Dr. Catizone: Side effects associated with prescription drug abuse include dizziness, loss of appetite, unconsciousness, impaired memory, mood swings, loss of motor coordination, trouble breathing and rapid or irregular heartbeat.

Seeking advice and assistance from your family health care provider, such as your doctor is recommended. Your doctor can provide information and/or referrals to local programs that help identify abuse and treat addiction.

If teens are in need of help, a school’s guidance counselor can also be an excellent resource for local information.

The Substance Abuse and Mental Health Services Administration provides an online substance abuse treatment locator and links to resources about addiction and treatment on its Web site.

E )      What can parents do to make sure the prescription drugs they do have in their homes will not be abused by their teenagers?

Dr. Catizone:  Parents should securely store all medications in the household. For example, you may want to lock your medications in a secure cabinet or a medicine safe. In particular, you should securely store controlled substance prescription drugs, such as certain pain medications and ADHD medications.

You may also wish to keep track of the number of pills left in the bottle.

Remember that sometimes prescription drugs are taken out of medicine cabinets by visitors to the home, such as a teen’s guests.

If you have pills or medication that is no longer needed or has expired, dispose of it at an authorized DEA Take-Back location, or a local medication disposal program. The next DEA Take-Back Day is April 28, 2012 and collection sites will be located across the country.

More information about these events, as well as an alternate method for safely disposing of unneeded drugs in the home garbage, is available on the AWARxE Medication Disposal page.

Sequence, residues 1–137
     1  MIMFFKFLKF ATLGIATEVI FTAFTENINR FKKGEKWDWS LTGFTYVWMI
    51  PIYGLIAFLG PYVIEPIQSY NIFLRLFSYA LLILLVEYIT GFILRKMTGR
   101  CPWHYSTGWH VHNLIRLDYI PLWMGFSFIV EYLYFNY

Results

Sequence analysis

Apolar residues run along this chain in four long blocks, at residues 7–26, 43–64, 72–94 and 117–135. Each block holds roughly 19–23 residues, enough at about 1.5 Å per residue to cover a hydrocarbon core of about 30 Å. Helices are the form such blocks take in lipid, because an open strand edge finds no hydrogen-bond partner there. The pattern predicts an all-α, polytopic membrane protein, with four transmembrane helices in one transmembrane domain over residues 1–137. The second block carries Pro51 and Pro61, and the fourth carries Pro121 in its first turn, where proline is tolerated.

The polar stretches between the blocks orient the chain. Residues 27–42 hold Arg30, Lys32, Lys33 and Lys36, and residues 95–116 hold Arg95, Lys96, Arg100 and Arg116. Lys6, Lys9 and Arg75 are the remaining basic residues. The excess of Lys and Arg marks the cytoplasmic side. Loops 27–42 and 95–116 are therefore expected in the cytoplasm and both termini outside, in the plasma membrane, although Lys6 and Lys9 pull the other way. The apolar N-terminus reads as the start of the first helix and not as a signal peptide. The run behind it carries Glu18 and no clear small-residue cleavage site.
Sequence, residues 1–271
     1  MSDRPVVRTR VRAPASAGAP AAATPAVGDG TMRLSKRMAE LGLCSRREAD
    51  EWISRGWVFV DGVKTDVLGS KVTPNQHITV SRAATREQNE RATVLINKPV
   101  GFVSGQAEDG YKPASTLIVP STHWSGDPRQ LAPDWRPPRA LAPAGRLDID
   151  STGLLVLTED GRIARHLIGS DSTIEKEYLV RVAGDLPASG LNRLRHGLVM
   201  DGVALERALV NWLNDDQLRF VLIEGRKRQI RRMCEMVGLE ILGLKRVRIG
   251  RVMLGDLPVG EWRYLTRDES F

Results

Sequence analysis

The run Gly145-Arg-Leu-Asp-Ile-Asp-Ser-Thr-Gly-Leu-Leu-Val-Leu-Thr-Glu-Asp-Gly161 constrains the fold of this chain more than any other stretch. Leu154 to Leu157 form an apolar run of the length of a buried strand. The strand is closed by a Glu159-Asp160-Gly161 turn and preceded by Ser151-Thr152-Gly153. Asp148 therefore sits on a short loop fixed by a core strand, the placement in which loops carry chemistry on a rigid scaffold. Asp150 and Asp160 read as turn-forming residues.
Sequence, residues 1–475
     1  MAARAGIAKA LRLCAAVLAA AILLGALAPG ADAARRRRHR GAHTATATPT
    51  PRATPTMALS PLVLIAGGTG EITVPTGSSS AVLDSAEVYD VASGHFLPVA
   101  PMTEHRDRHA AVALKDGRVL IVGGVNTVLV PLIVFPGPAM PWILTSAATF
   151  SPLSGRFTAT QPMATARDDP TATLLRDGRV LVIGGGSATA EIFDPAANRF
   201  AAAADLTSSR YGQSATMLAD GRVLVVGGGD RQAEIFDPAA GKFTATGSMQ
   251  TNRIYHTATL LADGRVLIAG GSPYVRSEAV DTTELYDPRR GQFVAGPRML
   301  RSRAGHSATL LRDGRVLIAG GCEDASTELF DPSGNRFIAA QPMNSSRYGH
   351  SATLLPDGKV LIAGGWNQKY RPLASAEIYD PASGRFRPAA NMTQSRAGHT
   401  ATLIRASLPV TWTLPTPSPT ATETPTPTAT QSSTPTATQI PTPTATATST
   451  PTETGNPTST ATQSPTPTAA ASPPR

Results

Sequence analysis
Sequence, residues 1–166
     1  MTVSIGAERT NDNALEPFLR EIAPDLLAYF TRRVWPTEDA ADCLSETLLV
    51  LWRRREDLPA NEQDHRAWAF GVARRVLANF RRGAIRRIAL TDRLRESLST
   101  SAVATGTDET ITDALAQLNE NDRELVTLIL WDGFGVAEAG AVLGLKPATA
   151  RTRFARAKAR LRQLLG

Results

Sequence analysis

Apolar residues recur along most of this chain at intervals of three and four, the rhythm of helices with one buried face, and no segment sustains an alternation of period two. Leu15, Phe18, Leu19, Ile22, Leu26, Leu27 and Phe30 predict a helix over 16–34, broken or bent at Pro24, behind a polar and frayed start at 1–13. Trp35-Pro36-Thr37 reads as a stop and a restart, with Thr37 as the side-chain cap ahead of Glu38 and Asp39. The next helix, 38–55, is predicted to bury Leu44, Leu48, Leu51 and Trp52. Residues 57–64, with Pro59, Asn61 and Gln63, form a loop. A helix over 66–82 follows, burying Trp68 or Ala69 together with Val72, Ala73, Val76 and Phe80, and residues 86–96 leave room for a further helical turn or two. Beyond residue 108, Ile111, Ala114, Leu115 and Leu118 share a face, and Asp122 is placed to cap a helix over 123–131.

Links for cited Web pages:

·         The Road to Nowhere video: http://www.awarerx.org/State_OK.php

·         Medication Disposal: http://www.awarerx.org/medDisposal.php

·         Get Local: http://www.awarerx.org/getLocal.php

·         FDA Drug Disposal Information: http://www.fda.gov/Drugs/ResourcesForYou/Consumers/BuyingUsingMedicineSafely/EnsuringSafeUseofMedicine/SafeDisposalofMedicines/ucm186187.htm#MEDICINES

·         SAMHSA online substance abuse treatment locator: http://www.samhsa.gov/treatment/index.aspx

·         SAMHSA links to resources about addiction and treatment: http://www.samhsa.gov/treatment/index.aspx.

Gay Teens and Bullying: A Deadly Combination

One in six students will be assaulted so badly at school that medical care will be required. If this were true of the overall student population, Americans would be up in arms and would not rest until the problem is solved. However, since the students being assaulted are homosexual, less attention is paid and fewer solutions are offered. It doesn’t take an online PhDto recognize that schools need to address this serious problem much more directly.

One in six lesbian, gay, bisexual, or transgendered students faces these horrendous assaults based upon his or her perceived lifestyle. Sixty-one percent of LGBT students report not feeling safe at school and 44 percent report being physically harassed based solely upon their perceived sexual orientation. Comparatively, about 25 percent of heterosexual teens report being bullied at school.

Bullying in any form affects students’ ability to concentrate on schoolwork, but all too often LGBT students go to school fearing for their physical safety. This takes such a large emotional toll that sometimes students believe the only way to resolve the turmoil of their lives is to commit suicide.